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Jamanda
Downsizer Moderator


Joined: 22 Oct 2006
Posts: 34918
Location: Devon
PostPosted: Tue Feb 12, 08 10:25 pm    Post subject: Bee folks  Reply with quote    

What kind and how many hives do you have? Did you buy them or make your own? New or 2nd hand?

Cathryn



Joined: 16 Jul 2005
Posts: 19830
Location: Ceredigion
PostPosted: Tue Feb 12, 08 10:31 pm    Post subject: Reply with quote    

Hooked huh?

Good was it?

Details...

Jamanda
Downsizer Moderator


Joined: 22 Oct 2006
Posts: 34918
Location: Devon
PostPosted: Tue Feb 12, 08 10:35 pm    Post subject: Reply with quote    

Yes - I knew it would be as I've been up there a couple of times before with Alison. They are very friendly.

Tonight it was all about hives. We have half a dozen of so theory sessions, by which time it will be warmer and we do some practical stuff, and by July we should be ready to get our own bees.

There were so many people signed up that they are having to split into two groups.

Cathryn



Joined: 16 Jul 2005
Posts: 19830
Location: Ceredigion
PostPosted: Tue Feb 12, 08 10:47 pm    Post subject: Reply with quote    

Are they all newcomers then because I bet that a lot of hives change hands amongst the old regulars. This is based on my Weavers Spinners and Wotsits Guild last weekend where I was offered a variety of spinning wheels. True they don't spend their days sitting outside in all weathers getting sticky.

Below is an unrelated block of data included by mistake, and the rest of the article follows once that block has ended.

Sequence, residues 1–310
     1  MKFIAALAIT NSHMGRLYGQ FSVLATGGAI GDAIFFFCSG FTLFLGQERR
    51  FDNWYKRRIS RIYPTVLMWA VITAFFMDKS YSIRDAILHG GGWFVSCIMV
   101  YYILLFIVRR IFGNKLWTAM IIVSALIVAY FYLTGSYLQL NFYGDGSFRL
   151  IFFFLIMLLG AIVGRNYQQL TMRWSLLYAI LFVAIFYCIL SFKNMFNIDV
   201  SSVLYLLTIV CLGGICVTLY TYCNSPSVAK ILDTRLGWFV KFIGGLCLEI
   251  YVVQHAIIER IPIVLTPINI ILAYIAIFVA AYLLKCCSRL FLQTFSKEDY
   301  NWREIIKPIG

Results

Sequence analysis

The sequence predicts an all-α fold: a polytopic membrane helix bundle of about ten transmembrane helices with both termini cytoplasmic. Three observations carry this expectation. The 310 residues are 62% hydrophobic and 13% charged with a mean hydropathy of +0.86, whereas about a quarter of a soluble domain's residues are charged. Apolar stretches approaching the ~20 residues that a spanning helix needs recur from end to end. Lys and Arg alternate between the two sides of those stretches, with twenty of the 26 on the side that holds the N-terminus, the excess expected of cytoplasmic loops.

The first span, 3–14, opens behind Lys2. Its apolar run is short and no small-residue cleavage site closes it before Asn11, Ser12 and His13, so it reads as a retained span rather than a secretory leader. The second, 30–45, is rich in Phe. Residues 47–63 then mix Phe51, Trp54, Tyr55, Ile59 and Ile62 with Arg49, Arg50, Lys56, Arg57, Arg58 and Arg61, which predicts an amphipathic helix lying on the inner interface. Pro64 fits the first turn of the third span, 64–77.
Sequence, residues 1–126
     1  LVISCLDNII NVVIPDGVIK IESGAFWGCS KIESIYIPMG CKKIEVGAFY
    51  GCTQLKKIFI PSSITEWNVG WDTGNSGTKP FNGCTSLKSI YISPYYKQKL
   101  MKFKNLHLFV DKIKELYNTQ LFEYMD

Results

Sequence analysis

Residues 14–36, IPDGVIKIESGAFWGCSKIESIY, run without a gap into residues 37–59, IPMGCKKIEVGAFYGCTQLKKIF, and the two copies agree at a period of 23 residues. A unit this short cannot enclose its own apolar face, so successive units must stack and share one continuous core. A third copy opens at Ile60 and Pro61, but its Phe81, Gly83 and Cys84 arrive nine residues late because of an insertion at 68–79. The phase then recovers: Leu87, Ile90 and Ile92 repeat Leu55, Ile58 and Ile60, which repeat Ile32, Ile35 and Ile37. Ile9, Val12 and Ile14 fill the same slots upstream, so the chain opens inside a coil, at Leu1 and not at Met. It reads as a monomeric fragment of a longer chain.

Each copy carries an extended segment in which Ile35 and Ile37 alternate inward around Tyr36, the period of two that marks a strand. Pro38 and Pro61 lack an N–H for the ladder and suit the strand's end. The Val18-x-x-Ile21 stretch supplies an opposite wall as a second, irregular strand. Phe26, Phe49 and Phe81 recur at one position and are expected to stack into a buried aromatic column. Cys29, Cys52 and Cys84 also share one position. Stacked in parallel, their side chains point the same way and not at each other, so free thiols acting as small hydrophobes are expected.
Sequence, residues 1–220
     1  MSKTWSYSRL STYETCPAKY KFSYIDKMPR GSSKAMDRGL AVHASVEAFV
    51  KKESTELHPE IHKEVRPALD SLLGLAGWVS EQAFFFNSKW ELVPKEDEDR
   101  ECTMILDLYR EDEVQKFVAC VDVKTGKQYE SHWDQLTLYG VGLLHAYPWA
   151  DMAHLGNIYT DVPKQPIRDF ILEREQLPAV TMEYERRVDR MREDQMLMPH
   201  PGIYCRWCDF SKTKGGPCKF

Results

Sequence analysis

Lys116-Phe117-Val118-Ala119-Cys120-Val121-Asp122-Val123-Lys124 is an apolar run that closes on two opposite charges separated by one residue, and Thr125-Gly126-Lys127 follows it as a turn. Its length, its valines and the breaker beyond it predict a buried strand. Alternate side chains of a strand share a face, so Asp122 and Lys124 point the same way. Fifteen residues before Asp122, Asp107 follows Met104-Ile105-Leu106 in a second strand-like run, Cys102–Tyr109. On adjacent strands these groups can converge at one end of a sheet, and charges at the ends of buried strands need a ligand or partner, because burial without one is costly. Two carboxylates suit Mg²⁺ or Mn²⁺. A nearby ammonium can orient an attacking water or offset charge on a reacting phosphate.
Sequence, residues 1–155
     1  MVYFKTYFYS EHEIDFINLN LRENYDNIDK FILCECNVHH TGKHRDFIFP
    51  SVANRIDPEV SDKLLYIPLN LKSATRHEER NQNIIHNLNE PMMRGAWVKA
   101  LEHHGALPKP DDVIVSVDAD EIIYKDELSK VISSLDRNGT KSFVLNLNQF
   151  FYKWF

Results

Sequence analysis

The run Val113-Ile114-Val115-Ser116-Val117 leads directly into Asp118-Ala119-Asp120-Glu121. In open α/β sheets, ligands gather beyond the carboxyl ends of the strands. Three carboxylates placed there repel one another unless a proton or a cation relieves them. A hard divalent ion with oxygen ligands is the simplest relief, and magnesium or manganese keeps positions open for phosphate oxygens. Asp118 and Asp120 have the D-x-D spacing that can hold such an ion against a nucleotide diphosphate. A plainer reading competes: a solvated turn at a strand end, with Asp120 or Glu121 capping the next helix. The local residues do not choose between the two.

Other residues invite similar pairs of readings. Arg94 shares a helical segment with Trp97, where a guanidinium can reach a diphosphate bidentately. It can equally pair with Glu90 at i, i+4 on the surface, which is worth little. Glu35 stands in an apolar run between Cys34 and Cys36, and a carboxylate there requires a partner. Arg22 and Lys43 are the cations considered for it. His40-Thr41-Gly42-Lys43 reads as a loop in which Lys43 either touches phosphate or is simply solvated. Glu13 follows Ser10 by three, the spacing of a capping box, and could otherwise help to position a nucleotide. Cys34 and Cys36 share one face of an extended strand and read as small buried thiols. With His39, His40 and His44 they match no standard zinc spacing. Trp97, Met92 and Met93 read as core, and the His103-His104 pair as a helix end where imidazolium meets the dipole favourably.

Jamanda
Downsizer Moderator


Joined: 22 Oct 2006
Posts: 34918
Location: Devon
PostPosted: Tue Feb 12, 08 10:51 pm    Post subject: Reply with quote    

ruby wrote:
Are they all newcomers then because I bet that a lot of hives change hands amongst the old regulars. This is based on my Weavers Spinners and Wotsits Guild last weekend where I was offered a variety of spinning wheels. True they don't spend their days sitting outside in all weathers getting sticky.


There were about half a dozen of the old hands there and maybe 20 newbies, with more signed up who couldn't make it tonight.

The best time to meet the old hands is a Tuesday afternoon, which I can very rarely make.

joanne



Joined: 28 Oct 2004
Posts: 7094
Location: Morecambe, Lancashire
PostPosted: Tue Feb 12, 08 10:54 pm    Post subject: Reply with quote    

I bought mine from e-Bay - fantastic hives made by a bee farmer in Somerset from his own kiln dried Western Red Cedar - Some of it Canadian but most of it from English Cedar

Beehive's on eBay

wellington womble



Joined: 08 Nov 2004
Posts: 14971
Location: East Midlands
PostPosted: Tue Feb 12, 08 11:01 pm    Post subject: Reply with quote    

I'm so tempted - I just found out my local beekeepers association is based about 2 miles away, and have a beginners course starting March 3. Think it might be just a bit tooo much this year. This year is the garden year.

You're not helping, Jamada!

Jamanda
Downsizer Moderator


Joined: 22 Oct 2006
Posts: 34918
Location: Devon
PostPosted: Tue Feb 12, 08 11:02 pm    Post subject: Reply with quote    

Thanks Jo, I've bookmarked that. How many have you got?

joanne



Joined: 28 Oct 2004
Posts: 7094
Location: Morecambe, Lancashire
PostPosted: Wed Feb 13, 08 7:35 am    Post subject: Reply with quote    

I bought 2 full hives which contained a mesh floor with integrated drop board, single brood box, super, crown board and lid - they come ready built - the auctions last year appeared to average out at about 130 each - much lower than the cost of a National hive from Thornes

I've only one colony at the moment and to be honest I used everything but the second base and lid - however Peter (the guy who sells the hives) sells brood boxes and supers seperately - I bought some brood boxes in the association auction last year but I will need some more supers - which I'm going to order from Peter.

The other place to get them is the BBKA Convention which is on at Stoneleigh nr Coventry on 18-20 April - Alot of suppliers have special deals that weekend - I'm going on the 19th if anyone else is going

Mrs Fiddlesticks